In my head, there are two me’s. One is younger and skinny—another me who wants to lose a few pounds—fifteen pounds, to be exact.
Among my American friends, I don’t stand out. I am of average weight for my height. You can see a bulging stomach when I wear a bikini. Other than that, I am happy with my shape.
The first time I put on some 20 pounds was my freshman year in college. At the school cafeterias, I discovered new food that we didn’t have at home and ate many cheese stuffed pasta shells. Cramming for homework and exams, I drank hot chocolate every night before going to bed. Even my roommate started munching on Gold Fish and ramen between meals with me. As a freshman, I did a lot more eating.
I lost all that weight when I spent the following summer at home.
The second time I gained 20 pounds or so again in a short time was when I started taking Zyprexa for schizophrenia. During mealtimes, I felt hungrier and didn’t have any sense of fullness, no matter how much I ate. This kind of hunger was a new sensation for me. I found myself swallowing food without taking a breath. When I couldn’t fit into the clothing I loved, I blamed it on the medication.
When I took a two-year gap in Taipei, I ate as the locals did, and my weight went down gradually without any special effort. I no longer could point to my medication as the only reason for the additional weight. I realized my diet played a determinant role and could be changed while being on medication.
I could also see that among my Taiwanese relatives and friends, I appeared to be bigger. I couldn’t attribute my larger build to my bone structure. Photographs from my teenage years and early twenties showed that I was the same size as them.
A short time after returning to Boston, I got all the weight back and some more.
About six months ago, I heard about my friend Tim’s success story in getting healthier (not needing to take new medications that he was told he might have to), lighter (at his college weight for the first time since college), and happier. I saw him virtually and saw his transformation. I was intrigued. On and off, I had tried to lose weight half-heartedly by skipping a meal one day or eating more salad another day, but there was no method.
“What did you do?” I asked him. His secret sauce: he changed his eating habits —no crazy exercise routine, not starving nor living on salad.
“What did you eat?” Tim explained intermittent fasting (IF), low carb/high protein diet, insulin resistance, burning fat vs. sugar, counting energy vs. calories. He focused on his triglyceride level (the amount of a type of fat (lipid) found in the blood).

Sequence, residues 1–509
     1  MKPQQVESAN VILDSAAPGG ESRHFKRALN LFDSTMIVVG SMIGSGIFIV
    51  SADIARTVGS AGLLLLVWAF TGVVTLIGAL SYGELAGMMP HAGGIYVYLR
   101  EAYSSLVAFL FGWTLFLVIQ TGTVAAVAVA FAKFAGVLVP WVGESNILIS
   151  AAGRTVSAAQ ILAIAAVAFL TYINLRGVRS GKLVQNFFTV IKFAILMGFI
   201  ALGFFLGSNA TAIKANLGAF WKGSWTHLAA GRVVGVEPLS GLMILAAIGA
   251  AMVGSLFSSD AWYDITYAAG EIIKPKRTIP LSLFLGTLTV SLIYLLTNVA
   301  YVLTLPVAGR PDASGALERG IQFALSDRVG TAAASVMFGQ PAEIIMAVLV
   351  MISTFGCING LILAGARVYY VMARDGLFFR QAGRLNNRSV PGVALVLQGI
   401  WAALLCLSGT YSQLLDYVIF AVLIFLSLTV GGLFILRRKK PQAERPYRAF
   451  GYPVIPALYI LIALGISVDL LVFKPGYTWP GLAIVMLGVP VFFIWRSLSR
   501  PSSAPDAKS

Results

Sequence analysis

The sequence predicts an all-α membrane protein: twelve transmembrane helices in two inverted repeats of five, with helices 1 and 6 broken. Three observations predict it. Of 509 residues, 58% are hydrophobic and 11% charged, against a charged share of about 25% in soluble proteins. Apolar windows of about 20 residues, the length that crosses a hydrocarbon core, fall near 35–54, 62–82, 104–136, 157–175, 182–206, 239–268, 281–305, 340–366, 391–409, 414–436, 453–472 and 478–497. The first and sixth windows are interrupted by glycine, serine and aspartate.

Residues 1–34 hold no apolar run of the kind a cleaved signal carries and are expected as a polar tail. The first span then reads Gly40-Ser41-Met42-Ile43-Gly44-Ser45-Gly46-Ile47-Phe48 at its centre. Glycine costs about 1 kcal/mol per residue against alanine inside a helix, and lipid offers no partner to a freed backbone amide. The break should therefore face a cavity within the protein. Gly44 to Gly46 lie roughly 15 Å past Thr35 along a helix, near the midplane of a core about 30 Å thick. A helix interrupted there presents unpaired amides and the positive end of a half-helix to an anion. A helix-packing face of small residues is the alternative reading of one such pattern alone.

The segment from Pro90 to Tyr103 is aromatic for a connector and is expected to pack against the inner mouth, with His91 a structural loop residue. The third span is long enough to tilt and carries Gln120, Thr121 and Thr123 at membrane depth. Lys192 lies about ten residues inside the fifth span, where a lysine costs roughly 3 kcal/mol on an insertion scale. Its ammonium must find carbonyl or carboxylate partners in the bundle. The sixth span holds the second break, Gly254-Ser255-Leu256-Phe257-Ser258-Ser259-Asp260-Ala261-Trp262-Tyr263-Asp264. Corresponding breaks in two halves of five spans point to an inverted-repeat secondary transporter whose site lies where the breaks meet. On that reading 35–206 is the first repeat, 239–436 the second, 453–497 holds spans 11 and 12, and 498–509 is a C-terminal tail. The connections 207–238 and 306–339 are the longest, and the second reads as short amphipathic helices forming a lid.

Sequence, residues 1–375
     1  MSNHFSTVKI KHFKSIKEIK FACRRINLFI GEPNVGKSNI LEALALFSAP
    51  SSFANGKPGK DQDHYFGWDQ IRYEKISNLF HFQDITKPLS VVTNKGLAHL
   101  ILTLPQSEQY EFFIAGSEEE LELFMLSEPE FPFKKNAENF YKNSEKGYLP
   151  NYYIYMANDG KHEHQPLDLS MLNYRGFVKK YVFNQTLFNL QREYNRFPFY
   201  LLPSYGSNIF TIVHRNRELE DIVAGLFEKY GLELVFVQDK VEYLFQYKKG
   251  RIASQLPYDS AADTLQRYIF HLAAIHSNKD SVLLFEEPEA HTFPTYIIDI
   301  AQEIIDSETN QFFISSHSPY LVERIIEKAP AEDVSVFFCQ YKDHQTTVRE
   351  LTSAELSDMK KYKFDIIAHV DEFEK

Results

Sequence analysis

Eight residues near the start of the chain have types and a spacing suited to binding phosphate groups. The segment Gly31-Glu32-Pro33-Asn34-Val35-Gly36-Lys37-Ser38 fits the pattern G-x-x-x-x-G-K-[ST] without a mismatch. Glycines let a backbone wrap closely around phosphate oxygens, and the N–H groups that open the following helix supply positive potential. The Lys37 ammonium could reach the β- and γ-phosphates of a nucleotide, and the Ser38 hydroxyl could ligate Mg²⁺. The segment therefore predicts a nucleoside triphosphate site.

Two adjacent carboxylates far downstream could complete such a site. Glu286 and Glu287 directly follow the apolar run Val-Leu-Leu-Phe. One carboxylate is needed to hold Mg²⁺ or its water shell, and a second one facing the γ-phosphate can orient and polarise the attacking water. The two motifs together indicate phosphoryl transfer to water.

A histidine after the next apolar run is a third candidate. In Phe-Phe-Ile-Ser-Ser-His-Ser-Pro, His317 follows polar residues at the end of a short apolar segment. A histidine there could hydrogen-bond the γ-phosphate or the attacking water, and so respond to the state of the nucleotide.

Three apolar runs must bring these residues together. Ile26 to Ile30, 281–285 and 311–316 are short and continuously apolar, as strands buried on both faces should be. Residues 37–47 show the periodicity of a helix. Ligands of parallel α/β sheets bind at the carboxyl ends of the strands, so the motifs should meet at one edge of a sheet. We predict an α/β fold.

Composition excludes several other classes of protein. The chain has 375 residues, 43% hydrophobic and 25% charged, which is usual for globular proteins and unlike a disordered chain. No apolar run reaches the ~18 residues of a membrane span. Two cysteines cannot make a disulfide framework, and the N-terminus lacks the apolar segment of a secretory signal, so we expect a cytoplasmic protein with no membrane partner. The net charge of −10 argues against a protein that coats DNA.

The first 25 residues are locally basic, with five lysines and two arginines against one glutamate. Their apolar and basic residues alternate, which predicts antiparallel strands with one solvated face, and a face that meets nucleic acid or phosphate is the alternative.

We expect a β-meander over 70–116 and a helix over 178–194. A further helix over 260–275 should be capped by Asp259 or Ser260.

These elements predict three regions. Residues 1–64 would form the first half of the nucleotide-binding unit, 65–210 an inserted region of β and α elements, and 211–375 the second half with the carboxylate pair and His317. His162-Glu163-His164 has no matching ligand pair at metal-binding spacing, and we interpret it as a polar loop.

He said I could be “skinny fat.” I looked okay, but it was misleading. My weight went up gradually every year. My triglyceride was out of the normal range. It was a sign that I was not taking care of my body, and sooner or later, I would become unhealthy. By then, it might be too late to do something about it. Beyond looking at the number on the scale, he motivated me to examine what I ate to be healthier and better for my body.
Tim became my health and diet coach. For three months, he monitored what I ate. In the beginning, we talked in the morning every day. There was no harsh judgment, but just discussing and dissecting my food choices from the day before and connecting them to my body’s reaction. He also told me, our taste in food was learned. The journey to healthy eating was fun with a friend and coach.
To me, intermittent fasting meant cutting out snacks and stopping eating after dinner. I learned to read the nutrition labels to avoid as much sugar as possible. (Four grams of sugar is about one teaspoon.) Luckily, I didn’t have a sweet tooth, so I skipped most desserts and alcohol. I stopped drinking juice from having at least two to three glasses a day, thinking it was healthy. The hardest thing for me to reduce was carbs. (Carbs are not something our body naturally needs.) I loved bread, pasta, and rice. To substitute that craving, I enjoyed meat and fish. Tim’s approach was also kind and encouraged treats of carbs from time to time. “It’s okay. You have good days and treat days! Whatever you do, you want it to be sustainable. It’s a lifestyle change!”
I found it effective to say to myself silently: let my body use the fat and energy it has already; give it a break before asking my body to do more work, i.e., processing and digesting food; I live in an abundant society and shouldn’t consume everything in sight! I added food to my minimalist mindset which could coexist as being a foodie.
Three months later, I lost ten stubborn pounds without frustration and struggle but just tweaking when and what I ate. My intention, eating better, translated to result. Tim’s method worked well for me. He focused on my understanding and reasoning of how my body reacted. I happily ordered burgers without buns.
Now I am working on keeping the ten pounds off and taking five more off as a bonus on my own. I want to be healthier and not wait until my body breaks and needs intervention, i.e., medications. I no longer think being lighter and healthier was a privilege only for the young.
I am amazed at how complex and adaptive my human body is. I hope to be more mindful of what I ask it to do.